Wins its Petition of the NYC Municipal Archives Using Freedom of Information Law

In the September 9, 2015 newsletter, I wrote about the petition of Brooke Schreier Ganz and in trying to obtain what should have been public domain records from the New York City Department of Records and Information Services (DoRIS). Now there is good news: the petition was granted!

Reclaim The Records has won its first legal case, winning access to over 600,000 never-before-public genealogical records!

Details may be found at and in Avotaynu Online at


This is a good thing and I “liked” their FB page but, I don’t see anything about what the intend on doing with this information once they get it.


    They said in the blog post (and on FB) that they are digitizing them and putting them online. After that, anyone who wants a copy of the microfilms can have it. They mentioned being “in discussions” with FamilySearch about placing a digital copy there and including the records in the indexing projects.


Marissa is correct — and just to be clear, here’s the plan for the next few months:

– We paid our invoice with DORIS a few days ago. They take AmEx. ๐Ÿ™‚
– We are due to get 46 of the 48 requested microfilms mailed to us in the next two weeks.
– The other two microfilms need to be dug out of the vaults before the copies can be made, so they’ll take a little longer to get to us. That’s fine.
– We’re going to start scanning every microfilm, breaking them up into individual images. Scanning will be done at high quality, probably 300 dpi. We’re planning on using the scanners at the Internet Archive ( which is located in San Francisco.
– We’re going to take those scanned images and upload them to the Internet Archive’s website. Their website is not the ideal one for browsing through genealogical images *but* it will enable us to stick an enormous amount of data online in a robust way, both free for us (no charge for the server space!) and free for anyone to use.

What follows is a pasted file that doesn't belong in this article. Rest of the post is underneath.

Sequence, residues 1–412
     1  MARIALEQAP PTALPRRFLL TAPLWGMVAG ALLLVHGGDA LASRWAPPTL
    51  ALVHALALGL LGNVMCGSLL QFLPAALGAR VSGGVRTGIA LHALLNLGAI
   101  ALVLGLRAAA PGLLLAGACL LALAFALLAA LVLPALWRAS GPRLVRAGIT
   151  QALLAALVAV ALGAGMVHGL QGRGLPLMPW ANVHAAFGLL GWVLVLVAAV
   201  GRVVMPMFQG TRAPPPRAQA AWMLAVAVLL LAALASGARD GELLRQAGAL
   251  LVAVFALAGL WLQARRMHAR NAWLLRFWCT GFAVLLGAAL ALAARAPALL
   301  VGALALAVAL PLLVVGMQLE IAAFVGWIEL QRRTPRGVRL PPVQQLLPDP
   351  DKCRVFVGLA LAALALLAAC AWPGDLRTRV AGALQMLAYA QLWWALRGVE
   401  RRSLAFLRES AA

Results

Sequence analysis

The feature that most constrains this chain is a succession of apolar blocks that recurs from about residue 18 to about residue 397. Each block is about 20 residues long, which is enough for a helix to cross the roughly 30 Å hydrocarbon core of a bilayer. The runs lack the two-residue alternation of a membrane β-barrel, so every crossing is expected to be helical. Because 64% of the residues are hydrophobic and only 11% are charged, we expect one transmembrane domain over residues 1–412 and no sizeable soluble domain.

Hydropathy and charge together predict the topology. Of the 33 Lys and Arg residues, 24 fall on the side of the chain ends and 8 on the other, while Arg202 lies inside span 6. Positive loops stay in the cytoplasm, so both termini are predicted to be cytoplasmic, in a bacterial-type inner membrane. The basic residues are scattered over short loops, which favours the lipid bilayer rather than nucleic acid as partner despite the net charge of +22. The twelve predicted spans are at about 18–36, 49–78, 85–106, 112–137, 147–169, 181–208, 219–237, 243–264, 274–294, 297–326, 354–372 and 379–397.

– Once everything is uploaded, anyone will be able to browse the images and find names and dates in the index. It is broken up by borough (county), year, part of the year, surname (first two letters, alphabetically), and finally by gender (brides on one side of the page, grooms on the other). So even though there’s no text-searchable index, it shouldn’t be too bad to use. The records are handwritten, so unfortunately we can’t even attempt to use OCR on them, but the handwriting is generally pretty good.
– Also once they’re uploaded, anyone who wants can *download* the images. The Internet Archive even automatically packages everything into torrent files, to make it easier to grab things in bulk, in addition to image-by-image.
– And then the real fun starts: anyone who wants to can then use those images to do anything they want with them. Doesn’t matter if you’re a big for-profit company (i.e. Ancestry, MyHeritage, FindMyPast, etc.), a big non-profit company (FamilySearch, etc.), a small non-profit genealogical group (the IGG/GGG, or one of the NYC area groups, etc.), or just an individual. They’re free, and have no copyright, so go wild!
– We’ll offer microfilm copies of our 48 physical films to anyone who wants them, although you’ll have to pay for your own copies (microfilm copying isn’t always cheap). If the scanned images are already online, I’m not sure if anyone will really want to do this, but they’re welcome to do so.
– Finally, when all the requests cease, the 48 films will be offered as a donation to the New York Public Library, probably the genealogy reading room at the 42nd Street branch, since they seem like the logical home for these films.
– And then in 2016 we start up with MANY MANY MORE FOIL requests for more data from more state and city agencies! ๐Ÿ™‚
Questions? E-mail me at or seek us out on Facebook or Twitter. More newsletters with more updates will be going out shortly!

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